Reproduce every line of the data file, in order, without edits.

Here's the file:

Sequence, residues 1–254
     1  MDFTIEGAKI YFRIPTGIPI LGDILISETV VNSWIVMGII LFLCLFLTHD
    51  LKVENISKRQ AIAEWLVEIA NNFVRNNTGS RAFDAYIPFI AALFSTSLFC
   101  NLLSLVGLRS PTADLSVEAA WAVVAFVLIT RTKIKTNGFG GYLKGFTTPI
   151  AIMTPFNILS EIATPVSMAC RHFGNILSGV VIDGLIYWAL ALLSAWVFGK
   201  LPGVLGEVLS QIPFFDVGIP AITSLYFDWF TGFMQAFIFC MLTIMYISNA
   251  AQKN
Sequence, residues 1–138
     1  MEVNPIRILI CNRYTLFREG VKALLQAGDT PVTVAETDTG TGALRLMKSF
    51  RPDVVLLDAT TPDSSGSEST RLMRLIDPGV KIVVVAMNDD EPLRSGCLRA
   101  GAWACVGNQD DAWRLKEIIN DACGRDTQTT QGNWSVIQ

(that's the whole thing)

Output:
Sequence, residues 1–254
     1  MDFTIEGAKI YFRIPTGIPI LGDILISETV VNSWIVMGII LFLCLFLTHD
    51  LKVENISKRQ AIAEWLVEIA NNFVRNNTGS RAFDAYIPFI AALFSTSLFC
   101  NLLSLVGLRS PTADLSVEAA WAVVAFVLIT RTKIKTNGFG GYLKGFTTPI
   151  AIMTPFNILS EIATPVSMAC RHFGNILSGV VIDGLIYWAL ALLSAWVFGK
   201  LPGVLGEVLS QIPFFDVGIP AITSLYFDWF TGFMQAFIFC MLTIMYISNA
   251  AQKN
Sequence, residues 1–138
     1  MEVNPIRILI CNRYTLFREG VKALLQAGDT PVTVAETDTG TGALRLMKSF
    51  RPDVVLLDAT TPDSSGSEST RLMRLIDPGV KIVVVAMNDD EPLRSGCLRA
   101  GAWACVGNQD DAWRLKEIIN DACGRDTQTT QGNWSVIQ